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Knowing Your ABC - Using Activity Based Costing To Analyse Your Business

 

Say you own a small manufacturing firm. You produce two technically sound products, Product A and Product B, which you deliver on time. Your customers are happy, your productivity lies above industry average and your company has grown substantially in the first few years after you founded it. Great scenario, isn’t it?

However, there is one problem - your profitability has been at a very low level for quite some time now. You have sought reasonable explanations. Maybe you don’t sell enough products to be profitable and the world economy is in a slump, which is affecting your business. You should just try and sell more products, right?

Not necessarily! The reality is that an increase in your sales does not always mean that your profit will go up as well. In fact, one of the products you manufacture may be a money maker, while the other may be a money loser. As your profit is suffering, you may be producing too many money losers. You thus have to find out where exactly you are making and losing money, i.e., you have to determine the true cost of each product.

So how you do gain a good understanding of the contribution that each product makes to your overall profitability? Through a costing model named Activity Based Costing (ABC).

What is Activity Based Costing?

Activity Based Costing is used to identify, describe, assign costs to, and report on your business operations. ABC helps you identify opportunities to improve the effectiveness and efficiency of your business processes by determining the true cost of your products or service.

The basic premise of ABC is that cost objects (products, services) consume activities. These activities in turn consume resources and these resources drive costs. ABC thus focuses on work rather than workers.

ABC determines which activities add value to your business, i.e., which activities will best accomplish a mission, deliver a service, or meet customer demand. ABC allows you to measure the costs of each activity and compare those costs against the importance of that activity in your business. It identifies where the real cost drivers in your business are and it shows where you are using resources most effectively, and more importantly, least effectively.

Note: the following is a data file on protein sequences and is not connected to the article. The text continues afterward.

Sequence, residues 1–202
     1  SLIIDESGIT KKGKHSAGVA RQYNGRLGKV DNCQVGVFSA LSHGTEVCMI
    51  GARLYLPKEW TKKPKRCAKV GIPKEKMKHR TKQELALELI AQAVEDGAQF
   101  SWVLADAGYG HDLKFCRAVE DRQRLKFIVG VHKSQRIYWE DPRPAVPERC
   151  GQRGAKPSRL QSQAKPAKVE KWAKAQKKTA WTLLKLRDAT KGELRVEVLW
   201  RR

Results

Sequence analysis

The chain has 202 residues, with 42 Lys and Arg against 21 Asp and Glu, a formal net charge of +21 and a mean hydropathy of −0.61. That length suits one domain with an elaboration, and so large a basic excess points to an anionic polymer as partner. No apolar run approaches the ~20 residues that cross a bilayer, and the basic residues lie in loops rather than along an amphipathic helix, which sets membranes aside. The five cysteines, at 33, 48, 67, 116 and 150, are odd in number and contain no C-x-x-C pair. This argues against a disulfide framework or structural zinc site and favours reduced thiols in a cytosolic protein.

How does ABC work?

Going back to the example of the small manufacturer, if you decided to apply ABC to your business you would first examine all the steps involved in producing product A and product B (these steps could include using and maintaining machines, receiving supplies etc), after which you determine the costs involved with these steps. These costs include tangible and intangible costs. Tangible costs are costs such as equipment, computer hardware, which are quite easy to measure. Intangible costs, however, can be hard to measure and include productivity loss, employee absenteeism, and corporate overhead and management time for example.

The next step is to gather information on the activities that are connected to the steps involved in producing product A and product B, but which you wouldn’t readily associate with those steps. For example, when you receive supplies somebody has placed an order for these supplies. When they order supplies, how long does it take them? And do your sales reps spend a lot of time on the phone talking to your customers about product A? You are likely to take these activities for granted, while in fact they can cost you a considerable amount of money.

Once you have sufficient information on these cost drivers, you need to analyse them to see where you are spending the most money and whether this money is being spent with reason. You can now rate the costs of activities in your business against their importance and determine if there are steps that you can modernise or get rid of completely. For example, would it be more cost efficient to order supplies online rather than by filling out a form which has to be faxed to your supplier?

Would ABC work for your business?

Before you embark on a mission to change to ABC, you must realise that implementing ABC will require a considerable investment in time and money. You will have to change the organisation of your business, prepare your team members and get them to accept the change, and invest in computer hardware and software.

However, ABC could be particularly useful to you if:

-  You have high overheads
-  You produce diverse products or services
-  The cost of errors is high, and/or
-  Competition is tough.

Until next week,
Mike Reddy
www.syb.com.au